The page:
The whole festival spans the first six days in December, and its highlight is on December 2nd and 3rd. Besides, you will see exciting attractions – festive float processions – taking place. The audience is fascinated with the sacred vehicles moving stately. All eyes are on their ornate decorations with paper lanterns, embroidered curtains, gorgeous wood carvings, and “kagura (神楽)” – Shinto theatrical performances accompanied by traditional music. These are all in the list of Important Cultural Assets of Japan.
In 2016, UNESCO decided to register “Japan’s festive floats and processions” in its list of Intangible Cultural Heritages. Among the heritage floats you will find the ones used at Chichibu Night Festival. These are six huge floats – four “yatai (屋台)” floats and two “kasahoko (傘鉾)” floats. See them parading down the streets during the festival! Inside the yatai floats, people play music to the rhythm of taiko drums during the processions. And the kasahoko floats feature decorations that represent a divine spirit. They have a long halberd-shaped pillar from which the parasols spread down like hanging willows. Besides, the six floats belong to each local community and show off their own splendor and magnificence.
The yatai floats parade takes place twice a day with their first session from 12:00 to 16:30 and the second session from 18:00 to 20:00. The route they take is one-kilometer long from Kamimachi through Nakamachi and Motomachi to Chichibu Shrine. The most impressive part you can’t miss is how people let the float turn and change its course by using a huge wooden bar for levitation. They can raise up its front part to put a special turntable under the platform and rotate the entire body of the float in the opposite direction. Local people call this direction-changing technique “hikimawashi (引き廻し)”, which translates as “pulling and turning”. Also, the audience is overwhelmed by the thrilling scenes of two floats playing kind of “chicken game” as if they about to crash head-on into each other but narrowly avoid it on the street.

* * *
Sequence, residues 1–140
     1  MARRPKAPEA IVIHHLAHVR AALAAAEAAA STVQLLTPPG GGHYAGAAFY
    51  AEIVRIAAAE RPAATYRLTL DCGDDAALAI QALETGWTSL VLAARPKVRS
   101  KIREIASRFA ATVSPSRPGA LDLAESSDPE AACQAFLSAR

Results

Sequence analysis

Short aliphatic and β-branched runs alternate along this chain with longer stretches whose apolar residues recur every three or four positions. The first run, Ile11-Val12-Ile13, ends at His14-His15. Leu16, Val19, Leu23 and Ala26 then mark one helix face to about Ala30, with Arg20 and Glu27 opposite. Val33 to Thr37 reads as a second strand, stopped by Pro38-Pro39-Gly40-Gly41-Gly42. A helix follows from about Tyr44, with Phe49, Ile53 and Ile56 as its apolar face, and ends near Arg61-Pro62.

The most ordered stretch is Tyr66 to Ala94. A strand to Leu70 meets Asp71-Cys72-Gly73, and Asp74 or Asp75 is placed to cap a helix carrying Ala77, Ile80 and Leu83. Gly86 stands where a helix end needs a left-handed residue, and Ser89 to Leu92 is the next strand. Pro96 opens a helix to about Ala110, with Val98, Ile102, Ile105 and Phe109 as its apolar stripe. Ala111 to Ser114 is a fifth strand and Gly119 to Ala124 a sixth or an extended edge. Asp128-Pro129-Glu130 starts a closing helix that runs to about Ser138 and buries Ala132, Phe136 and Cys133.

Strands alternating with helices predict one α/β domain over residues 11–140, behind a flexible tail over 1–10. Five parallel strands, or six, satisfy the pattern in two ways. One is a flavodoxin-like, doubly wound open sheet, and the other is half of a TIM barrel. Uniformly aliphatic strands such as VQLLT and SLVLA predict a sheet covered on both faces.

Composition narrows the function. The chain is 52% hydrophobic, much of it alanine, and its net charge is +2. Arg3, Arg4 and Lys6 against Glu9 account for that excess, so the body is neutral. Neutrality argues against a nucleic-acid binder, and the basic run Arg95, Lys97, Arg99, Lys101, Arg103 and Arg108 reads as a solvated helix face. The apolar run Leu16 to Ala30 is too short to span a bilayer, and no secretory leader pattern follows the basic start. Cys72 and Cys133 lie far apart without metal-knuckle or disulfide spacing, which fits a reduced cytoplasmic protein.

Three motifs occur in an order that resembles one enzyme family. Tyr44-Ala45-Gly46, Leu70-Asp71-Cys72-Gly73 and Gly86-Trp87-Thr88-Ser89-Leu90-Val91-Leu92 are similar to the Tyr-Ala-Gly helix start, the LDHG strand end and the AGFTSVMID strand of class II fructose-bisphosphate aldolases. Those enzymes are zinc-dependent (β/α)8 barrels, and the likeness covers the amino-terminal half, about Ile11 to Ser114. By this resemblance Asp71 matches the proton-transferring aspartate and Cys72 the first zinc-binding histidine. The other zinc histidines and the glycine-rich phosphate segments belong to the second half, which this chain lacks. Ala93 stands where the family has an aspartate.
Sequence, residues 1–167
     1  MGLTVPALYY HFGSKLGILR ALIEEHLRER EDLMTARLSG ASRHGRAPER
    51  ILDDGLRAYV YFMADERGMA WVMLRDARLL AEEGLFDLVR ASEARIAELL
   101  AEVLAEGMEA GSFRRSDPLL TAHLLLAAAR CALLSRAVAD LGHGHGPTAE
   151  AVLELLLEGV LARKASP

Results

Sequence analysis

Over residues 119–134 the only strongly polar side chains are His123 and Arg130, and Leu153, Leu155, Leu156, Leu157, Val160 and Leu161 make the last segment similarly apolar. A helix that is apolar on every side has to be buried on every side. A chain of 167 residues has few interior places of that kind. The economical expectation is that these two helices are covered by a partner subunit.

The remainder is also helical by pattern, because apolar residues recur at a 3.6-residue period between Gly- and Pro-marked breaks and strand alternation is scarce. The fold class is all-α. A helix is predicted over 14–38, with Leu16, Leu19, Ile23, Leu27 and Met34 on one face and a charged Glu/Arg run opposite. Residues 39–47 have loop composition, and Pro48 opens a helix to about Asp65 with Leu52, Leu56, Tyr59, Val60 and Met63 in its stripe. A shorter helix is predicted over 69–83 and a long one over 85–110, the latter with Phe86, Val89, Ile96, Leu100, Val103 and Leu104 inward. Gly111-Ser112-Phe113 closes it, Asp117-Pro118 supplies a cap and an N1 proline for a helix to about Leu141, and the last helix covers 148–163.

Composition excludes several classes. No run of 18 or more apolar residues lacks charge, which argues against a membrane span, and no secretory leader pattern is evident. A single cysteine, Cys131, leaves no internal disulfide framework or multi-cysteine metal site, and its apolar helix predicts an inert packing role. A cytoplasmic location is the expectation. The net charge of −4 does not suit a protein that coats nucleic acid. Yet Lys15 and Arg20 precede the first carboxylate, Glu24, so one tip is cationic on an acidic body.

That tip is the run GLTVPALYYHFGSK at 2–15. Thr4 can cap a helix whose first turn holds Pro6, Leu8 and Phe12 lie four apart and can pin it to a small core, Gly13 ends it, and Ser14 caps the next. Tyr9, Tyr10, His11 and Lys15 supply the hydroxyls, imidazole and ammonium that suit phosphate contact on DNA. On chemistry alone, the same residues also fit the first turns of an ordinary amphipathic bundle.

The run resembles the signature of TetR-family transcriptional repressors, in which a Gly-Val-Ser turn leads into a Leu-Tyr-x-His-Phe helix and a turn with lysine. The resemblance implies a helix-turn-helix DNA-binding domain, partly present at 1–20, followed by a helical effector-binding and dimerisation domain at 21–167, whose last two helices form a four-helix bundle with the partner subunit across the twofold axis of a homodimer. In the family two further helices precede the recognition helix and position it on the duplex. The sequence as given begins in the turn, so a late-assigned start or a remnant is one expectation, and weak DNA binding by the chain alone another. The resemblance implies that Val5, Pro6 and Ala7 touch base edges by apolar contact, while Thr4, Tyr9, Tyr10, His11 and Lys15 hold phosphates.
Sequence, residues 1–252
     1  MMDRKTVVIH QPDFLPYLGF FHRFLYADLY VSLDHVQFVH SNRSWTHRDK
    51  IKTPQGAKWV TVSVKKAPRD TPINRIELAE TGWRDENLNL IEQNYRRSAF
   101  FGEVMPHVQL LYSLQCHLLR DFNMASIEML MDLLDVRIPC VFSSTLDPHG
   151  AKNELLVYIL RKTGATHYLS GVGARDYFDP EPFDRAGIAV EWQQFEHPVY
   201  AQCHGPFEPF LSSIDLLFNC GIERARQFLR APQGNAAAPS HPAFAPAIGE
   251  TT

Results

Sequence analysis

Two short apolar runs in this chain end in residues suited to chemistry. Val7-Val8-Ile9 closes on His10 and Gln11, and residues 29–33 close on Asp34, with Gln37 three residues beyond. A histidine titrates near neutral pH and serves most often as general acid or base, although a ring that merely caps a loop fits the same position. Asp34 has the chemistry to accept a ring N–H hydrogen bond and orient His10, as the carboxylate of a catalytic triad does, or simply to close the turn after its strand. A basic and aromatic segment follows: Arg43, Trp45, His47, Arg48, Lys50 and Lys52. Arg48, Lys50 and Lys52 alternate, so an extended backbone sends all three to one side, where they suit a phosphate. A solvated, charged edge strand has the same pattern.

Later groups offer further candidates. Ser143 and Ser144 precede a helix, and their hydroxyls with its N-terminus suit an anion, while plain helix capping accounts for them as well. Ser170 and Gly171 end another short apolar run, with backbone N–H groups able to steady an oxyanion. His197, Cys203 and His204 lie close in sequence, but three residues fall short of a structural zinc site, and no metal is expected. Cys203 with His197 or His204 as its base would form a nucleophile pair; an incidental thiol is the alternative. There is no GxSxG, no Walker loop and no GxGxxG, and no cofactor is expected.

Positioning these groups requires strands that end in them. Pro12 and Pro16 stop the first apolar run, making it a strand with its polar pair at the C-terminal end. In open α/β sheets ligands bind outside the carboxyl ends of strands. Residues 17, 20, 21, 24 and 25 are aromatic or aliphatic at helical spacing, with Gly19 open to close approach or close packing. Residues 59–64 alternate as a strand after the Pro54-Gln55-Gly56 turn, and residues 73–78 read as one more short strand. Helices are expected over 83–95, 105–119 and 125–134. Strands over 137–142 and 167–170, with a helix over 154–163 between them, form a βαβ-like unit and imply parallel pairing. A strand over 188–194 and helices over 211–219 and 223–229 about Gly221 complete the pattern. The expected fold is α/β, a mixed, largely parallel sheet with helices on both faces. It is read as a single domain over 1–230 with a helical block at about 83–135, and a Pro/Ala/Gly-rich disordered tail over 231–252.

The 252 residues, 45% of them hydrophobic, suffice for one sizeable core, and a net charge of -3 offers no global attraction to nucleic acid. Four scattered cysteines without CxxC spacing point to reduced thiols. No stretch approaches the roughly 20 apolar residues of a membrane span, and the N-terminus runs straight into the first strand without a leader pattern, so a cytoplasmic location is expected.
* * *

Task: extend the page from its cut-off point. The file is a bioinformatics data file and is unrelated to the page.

The floats start parading from 9:00 a.m. and return by the same course that they did the previous day. They go from Chichibu Shrine through Motomachi, Nakamachi, and Kamimachi to their destination – “Otabisho (御旅所)”. Besides, in the daytime, you can enjoy kabuki performances on the special “apron stage” using the platform of a yatai float in the grounds of the shrine. Performers from a district that hosts the stage event each year show their graceful songs and dances.
The highlight of the festival is at night. Around 6:00 p.m., a sacred procession of the portable shrine accompanied by two horses leaves the shrine for Otabisho. According to local folklore, Otabisho is the place as a rendezvous for “Ryujin (龍神)”, dragon deity from Mt. Buko, and “Myoken (妙見)”, a bodhisattva of Chichibu Shrine. The six yatai and yamahoko floats follow the stately procession. On the way to Otabisho, there is a steep slope – “Dangozaka (団子坂)”, which makes it harder for people to pull up the floats weighing as heavy as 20 tons each. But seeing people pulling together is an exceptionally spectacular sight to see.
You can enjoy gorgeous sparks of fireworks in the night sky both on December 2nd and 3rd.
These fireworks provide a great backdrop to the festival floats which are really instagenic.
Several parking areas are available in the city, but they are expected to be crowded during the festival. I recommend using public transportation.
The Chichibu Night Festival is among Japan’s three great “dashi” festivals, the two others are the Gion Festival in Kyoto and the Takayama Festival in Gifu. Both festivals are also in the UNESCO’s Intangible Cultural Assets list. If you have an interest in them, please read the articles about the festivals on FestivalGo!
If you would like to visit this festival and explore Saitama prefecture with a friendly local guide, please check the banner below!
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Image courtesy of Yuya Saito
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Image courtesy of Tomomarusan